Meet Kemi Seba, the Anti-CFA Activist


Kemi Seba, born Stellio Giles Robert Capochichi, is a French activist, writer, and Pan-Africanist political leader of Benin origin. He is a founding member of Tribu Ka – a Parisian political movement promotin black identity.

Nominated 2017 “personality of the year”, Kemi Seba is widely known for protesting the CFA – a colonial-era currency that is still used in 14 African countries (eight in West Africa, six in Central Africa).  He’s a leading voice in the growing movement calling for the CFA to be discarded.

On Aug. 19, 2017, in protest over “Francafrique” policy — France’s sustained political and economic influence over its former African colonies, the anti-CFA activist set fire to a movement by burning a 5000 CFA note in Senegal. It resulted in his arrest and was charged with destroying property belonging to the Central Bank of West African States (BCEAO), and followed by the decision of the Senegalese interior ministry to expel him for “posing serious threat to public order.”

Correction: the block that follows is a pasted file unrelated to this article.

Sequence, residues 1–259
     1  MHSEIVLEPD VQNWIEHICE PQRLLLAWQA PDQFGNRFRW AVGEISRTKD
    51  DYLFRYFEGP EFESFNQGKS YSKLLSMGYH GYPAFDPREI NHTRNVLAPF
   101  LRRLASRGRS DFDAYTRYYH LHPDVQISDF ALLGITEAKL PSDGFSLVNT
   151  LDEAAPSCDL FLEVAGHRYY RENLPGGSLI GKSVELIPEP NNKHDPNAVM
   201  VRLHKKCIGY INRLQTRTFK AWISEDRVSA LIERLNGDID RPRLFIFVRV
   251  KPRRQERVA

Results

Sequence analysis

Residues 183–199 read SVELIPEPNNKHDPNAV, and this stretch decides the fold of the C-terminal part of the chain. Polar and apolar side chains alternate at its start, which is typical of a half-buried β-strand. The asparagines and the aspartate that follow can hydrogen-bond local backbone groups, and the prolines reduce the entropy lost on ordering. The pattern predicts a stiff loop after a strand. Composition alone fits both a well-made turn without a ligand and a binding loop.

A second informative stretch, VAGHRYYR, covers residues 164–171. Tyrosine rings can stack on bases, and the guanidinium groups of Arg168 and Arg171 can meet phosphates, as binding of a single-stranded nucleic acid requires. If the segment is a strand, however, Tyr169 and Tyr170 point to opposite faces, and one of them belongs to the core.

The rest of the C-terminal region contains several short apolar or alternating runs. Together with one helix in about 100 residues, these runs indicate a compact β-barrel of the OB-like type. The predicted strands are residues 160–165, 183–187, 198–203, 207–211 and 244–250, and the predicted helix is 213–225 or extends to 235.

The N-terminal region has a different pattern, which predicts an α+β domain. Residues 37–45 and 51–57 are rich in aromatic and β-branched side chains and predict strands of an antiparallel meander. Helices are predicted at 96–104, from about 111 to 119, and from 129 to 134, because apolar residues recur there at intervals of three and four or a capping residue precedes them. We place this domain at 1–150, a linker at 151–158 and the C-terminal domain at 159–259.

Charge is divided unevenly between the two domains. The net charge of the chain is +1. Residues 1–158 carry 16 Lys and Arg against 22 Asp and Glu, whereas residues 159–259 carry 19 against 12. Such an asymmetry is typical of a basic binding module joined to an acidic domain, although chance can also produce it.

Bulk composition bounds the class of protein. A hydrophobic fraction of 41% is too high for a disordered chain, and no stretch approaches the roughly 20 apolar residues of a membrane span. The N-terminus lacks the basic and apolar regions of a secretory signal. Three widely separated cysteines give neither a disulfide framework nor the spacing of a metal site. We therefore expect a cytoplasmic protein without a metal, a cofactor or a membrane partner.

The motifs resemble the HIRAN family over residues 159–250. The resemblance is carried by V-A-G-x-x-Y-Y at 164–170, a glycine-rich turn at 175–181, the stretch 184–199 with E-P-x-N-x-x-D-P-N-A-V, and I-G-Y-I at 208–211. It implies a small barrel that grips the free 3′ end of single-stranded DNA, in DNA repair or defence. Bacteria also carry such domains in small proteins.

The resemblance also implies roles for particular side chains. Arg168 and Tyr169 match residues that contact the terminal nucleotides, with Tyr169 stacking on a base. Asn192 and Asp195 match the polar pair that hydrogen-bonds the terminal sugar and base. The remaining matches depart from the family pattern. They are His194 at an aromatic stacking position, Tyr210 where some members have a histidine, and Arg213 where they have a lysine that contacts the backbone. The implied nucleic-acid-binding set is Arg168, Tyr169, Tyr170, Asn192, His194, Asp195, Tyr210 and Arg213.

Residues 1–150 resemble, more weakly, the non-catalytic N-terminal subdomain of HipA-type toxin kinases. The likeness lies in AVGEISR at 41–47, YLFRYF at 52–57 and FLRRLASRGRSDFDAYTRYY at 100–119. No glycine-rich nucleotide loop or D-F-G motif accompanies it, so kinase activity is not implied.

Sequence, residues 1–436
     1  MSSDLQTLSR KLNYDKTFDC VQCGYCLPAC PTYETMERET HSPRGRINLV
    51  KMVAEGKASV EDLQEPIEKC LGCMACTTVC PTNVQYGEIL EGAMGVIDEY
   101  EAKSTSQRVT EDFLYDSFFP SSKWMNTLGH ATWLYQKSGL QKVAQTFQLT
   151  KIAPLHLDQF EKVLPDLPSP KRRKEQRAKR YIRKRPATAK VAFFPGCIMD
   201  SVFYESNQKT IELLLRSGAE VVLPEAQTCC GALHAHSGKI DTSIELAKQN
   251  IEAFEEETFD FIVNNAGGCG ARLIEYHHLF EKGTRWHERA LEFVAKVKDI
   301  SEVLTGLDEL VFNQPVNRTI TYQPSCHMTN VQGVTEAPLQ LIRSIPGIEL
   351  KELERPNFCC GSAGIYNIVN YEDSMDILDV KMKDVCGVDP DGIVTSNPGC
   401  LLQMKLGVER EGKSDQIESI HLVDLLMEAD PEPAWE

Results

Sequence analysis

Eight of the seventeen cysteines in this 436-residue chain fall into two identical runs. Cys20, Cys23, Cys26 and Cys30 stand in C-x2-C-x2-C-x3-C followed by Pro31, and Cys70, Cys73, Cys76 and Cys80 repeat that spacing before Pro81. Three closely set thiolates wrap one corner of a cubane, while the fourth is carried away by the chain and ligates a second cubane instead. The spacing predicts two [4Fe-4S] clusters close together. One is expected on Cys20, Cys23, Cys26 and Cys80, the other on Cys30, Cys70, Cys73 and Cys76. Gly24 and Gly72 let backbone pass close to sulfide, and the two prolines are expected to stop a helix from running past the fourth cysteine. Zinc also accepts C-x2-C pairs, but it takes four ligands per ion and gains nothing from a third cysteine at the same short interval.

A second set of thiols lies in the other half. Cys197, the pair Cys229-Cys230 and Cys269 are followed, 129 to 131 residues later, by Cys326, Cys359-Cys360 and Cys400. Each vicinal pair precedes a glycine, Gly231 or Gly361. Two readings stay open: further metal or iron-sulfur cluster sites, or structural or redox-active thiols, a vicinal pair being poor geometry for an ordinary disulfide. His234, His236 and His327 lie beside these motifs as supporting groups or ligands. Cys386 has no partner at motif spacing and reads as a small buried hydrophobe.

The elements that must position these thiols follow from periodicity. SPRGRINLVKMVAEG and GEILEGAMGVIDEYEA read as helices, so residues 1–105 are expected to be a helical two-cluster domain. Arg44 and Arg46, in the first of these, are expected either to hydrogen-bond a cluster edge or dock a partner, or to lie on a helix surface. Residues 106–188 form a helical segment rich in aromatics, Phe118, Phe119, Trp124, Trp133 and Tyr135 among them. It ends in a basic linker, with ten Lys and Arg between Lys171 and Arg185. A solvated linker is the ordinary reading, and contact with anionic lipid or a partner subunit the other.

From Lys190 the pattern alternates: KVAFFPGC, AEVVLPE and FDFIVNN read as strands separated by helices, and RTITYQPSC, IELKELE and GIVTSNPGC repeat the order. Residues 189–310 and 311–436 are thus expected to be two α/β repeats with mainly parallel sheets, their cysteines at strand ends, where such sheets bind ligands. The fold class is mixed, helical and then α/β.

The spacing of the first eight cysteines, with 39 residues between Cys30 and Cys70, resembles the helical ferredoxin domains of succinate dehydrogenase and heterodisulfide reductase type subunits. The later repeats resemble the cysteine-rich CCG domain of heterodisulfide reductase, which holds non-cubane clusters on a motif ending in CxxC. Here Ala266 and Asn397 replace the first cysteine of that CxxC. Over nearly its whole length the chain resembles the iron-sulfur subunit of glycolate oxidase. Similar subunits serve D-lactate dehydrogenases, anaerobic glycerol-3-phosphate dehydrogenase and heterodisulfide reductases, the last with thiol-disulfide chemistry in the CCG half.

Though the anti-CFA protest started off in Senegal, it apparently has roots in France and Benin. Even so, Seba’s call to action on August 19 widened the protest with activists “demanding the end of colonial-era currency”. It reignited the debate over common colonial currency (pegged to the euro and governed by treaties with France) and France’s colonial hold over francophone Africa beyond Dakar and moved the conversation to the center.

Seba’s position vis-à-vis the disposal of the relic of French colonialism is explicit: “Africa must break free from the yoke of French colonial hold”.